For those of you who choose to read this book with me, the communication will be through e-mail, with me providing the discussion questions for everyone. Ideally, I would like to have 5-6 participants, but definitely at least 2 others besides myself. We will take the reading fairly slow, hoping to finish the novel in 2-3 months. If you would like to join the read-along, leave a comment below or send me an email at firstname.lastname@example.org. If you need more information on the book, click the cover to the left and it will take you through to Amazon.
The City of Ember brings us to the first piece of dystopian literature so far on the Top 100 Children’s Books list, moving from #100 to #1, that is. What is dystopian literature? Simply put, it is a story set in a world that is anti-utopian. Mostly set in futuristic societies, the people in these novels are sometimes oppressed and controlled by dictatorial or totalitarian governments. Resources are often limited in supply and controlled protectively by aforementioned governments. Some may describe societies in dystopian literature as post-apocalyptic, though certainly not all are. A few classic examples include Brave New World by Aldous Huxley, 1984 by George Orwell and The Handmaid’s Tale by Margaret Atwood.
The City of Ember, the first in the Ember series, follows the adventures of young Lina Mayfleet and Doon Harrow, living in a town with no natural light, and a limited supply of lightbulbs. The people of Ember live with little awareness of the world outside their city. Because they do not have flashlights, there is no way to venture out of the city without being in complete darkness. But with the discovery of ancient documents alluding to the outside world, Lina and Doon team up to find out what exactly is awaiting them outside Ember.
I have to admit that I am usually pretty harsh on dystopian literature, having strict criteria to a believable world and characters. The City of Ember did not disappoint as a whole, and after reading it, I added the next three books in the series to my to-be-read list. And now I anxiously await the arrival of Netflix to see if the movie version lives up to the novel.
by Jeanne Duprau
Originally published in 2003
And it has begun. . .
Today marks the 24-Hour Readathon and I am just getting started, even though some are already off and running. Just wanted to write a quick post including my TBR list. I am trying to focus on my reading challenges, including my Top 100 Children’s Books Challenge, my Canadian Reading Challenge, and the Contemps Challenge. Check out the stack I have to choose from for the next 24 hours!
Restoring Harmony by Joelle Anthony (Canadian author)
Losing Faith by Denise Jaden (Contemps author and Canadian author)
The Bookseller of Kabul by Asne Sierstad (my book club’s pick of the month)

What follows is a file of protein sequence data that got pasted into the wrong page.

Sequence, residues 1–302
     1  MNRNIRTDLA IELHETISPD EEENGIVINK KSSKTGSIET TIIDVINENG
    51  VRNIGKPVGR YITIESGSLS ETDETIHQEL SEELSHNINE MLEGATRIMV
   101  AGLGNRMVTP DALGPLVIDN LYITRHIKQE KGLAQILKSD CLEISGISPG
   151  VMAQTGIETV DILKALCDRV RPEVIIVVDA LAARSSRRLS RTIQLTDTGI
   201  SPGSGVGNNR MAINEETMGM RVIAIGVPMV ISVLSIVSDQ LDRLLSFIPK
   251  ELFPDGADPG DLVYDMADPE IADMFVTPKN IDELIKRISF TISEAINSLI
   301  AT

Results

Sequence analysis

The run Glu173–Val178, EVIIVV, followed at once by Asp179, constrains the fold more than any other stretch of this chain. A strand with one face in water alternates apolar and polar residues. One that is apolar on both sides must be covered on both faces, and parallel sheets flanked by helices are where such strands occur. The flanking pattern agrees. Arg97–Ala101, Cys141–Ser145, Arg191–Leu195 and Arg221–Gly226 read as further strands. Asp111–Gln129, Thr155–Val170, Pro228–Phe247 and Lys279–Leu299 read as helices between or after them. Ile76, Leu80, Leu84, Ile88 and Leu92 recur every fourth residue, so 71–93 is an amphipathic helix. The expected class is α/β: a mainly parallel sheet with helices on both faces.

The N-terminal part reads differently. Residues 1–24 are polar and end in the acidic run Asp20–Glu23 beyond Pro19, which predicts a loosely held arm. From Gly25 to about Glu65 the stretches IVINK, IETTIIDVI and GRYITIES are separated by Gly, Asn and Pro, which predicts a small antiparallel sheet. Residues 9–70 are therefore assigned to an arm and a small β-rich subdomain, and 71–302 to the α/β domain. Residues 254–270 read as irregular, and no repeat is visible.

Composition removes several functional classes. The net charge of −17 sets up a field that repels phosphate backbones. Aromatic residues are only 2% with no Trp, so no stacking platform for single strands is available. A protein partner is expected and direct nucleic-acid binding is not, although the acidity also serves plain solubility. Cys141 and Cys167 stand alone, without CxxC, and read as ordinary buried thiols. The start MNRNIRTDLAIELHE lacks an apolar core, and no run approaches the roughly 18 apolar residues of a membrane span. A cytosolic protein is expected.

Henry Huggins by Beverly Cleary (#66 in the top 100)
Boys, Bears and a Serious Pair of Hiking Boots by Abby Mcdonald
Grease Town by Ann Towell (Canadian author)
Ballet Shoes by Noel Streatfeild (#65 in the top 100)
Good luck to all my fellow readers participating in the Read-A-Thon! Follow me on Twitter @literarywife to see my progress.
At the beginning of the summer, my fourteen-year-old cousin forced the book Twilight into my hands, telling me that I had no option but to read it because she loves it so much. Unfortunately, it sat on my bookshelf for a few months, survived the move to our new apartment, and sat on the bookshelf for a few months still, only to be picked up this week and read for the first time by myself.
This post is in no manner a review, only the incoherent thoughts of a first-time reader. To be honest, this is not only my first time reading Twilight, but my first time reading a vampire book of any sort. Call me a bad book blogger, but it’s true, my readers. It’s not that I am against vampires or werewolves or witches (I’m a big Harry Potter fan), but it just does not seem to my first subject of choice to read or write about. Nonetheless, I am happy with my decision to try out the genre, and will probably pick up a few more books on vampires each year from now on.
My first impression with Twilight comes with the fact that I could not put it down. I finished it in just two nights and was entertained the entire time. Even though it is 500 pages long, it surely does not seem that long because the storyline is engaging.
The romance aspect of the novel just got my heart a-flutter. Edward is creepily adoring of Bella and has such depth of life that we get to see a bit of throughout the novel. His enthrallment with her carries the novel and its plot.
Bella however, was rather dull. She infuriated me with her passivity and annoyed me with her lack of uniqueness. Yes, she rebels against the “popular” kids and puts her life in the hands of a family of vampires, but other than that. . . boring. And it is because of this fact that I will not continue on with the series. Thank you, Kelsey, for forcing me to venture into the world of vampires and their romantic ideals.
Banned Books Week is an annual event celebrated to highlight the freedoms stated in the First Amendment, particularly the freedom of speech and our open access to information in our country and the world beyond. This year, Banned Books Week falls from September 25th to October 2nd and I wanted to provide some information for you, my readers, involving challenged books.
As most of you should know, I am involved in a year-long challenge to read the Top 100 Children’s Books. As some of you may now know, many of these books have been banned or challenged in public libraries and school districts. I took a glance over at the ALA website, found the top banned or challenged books, and here is what I found from my top 100 list. Note in parentheses by the title of the book the reason why it was banned or challenged.
- The Witches by Roald Dahl (satanic themes)
- A Wrinkle in Time by Madeleine L’Engle (supernatural themes)
- Harry Potter series by J.K. Rowling (witches, sorcery, enchantment)
- The Great Gilly Hopkins and Bridge to Terabithia by Katherine Paterson (profanity)
- Roll of Thunder, Hear My Cry by Mildred D. Taylor (racism)
- The Giver by Lois Lowry (violence and the portrayal of euthanasia
This list is in no way comprehensive. I just wanted to take some time during this celebration of our freedom to choose what we read, to highlight the fact that some of these books that have been banned and/or challenged are also included in the list of the top literature available for children. Think of this what you will, my readers. Feel free to comment!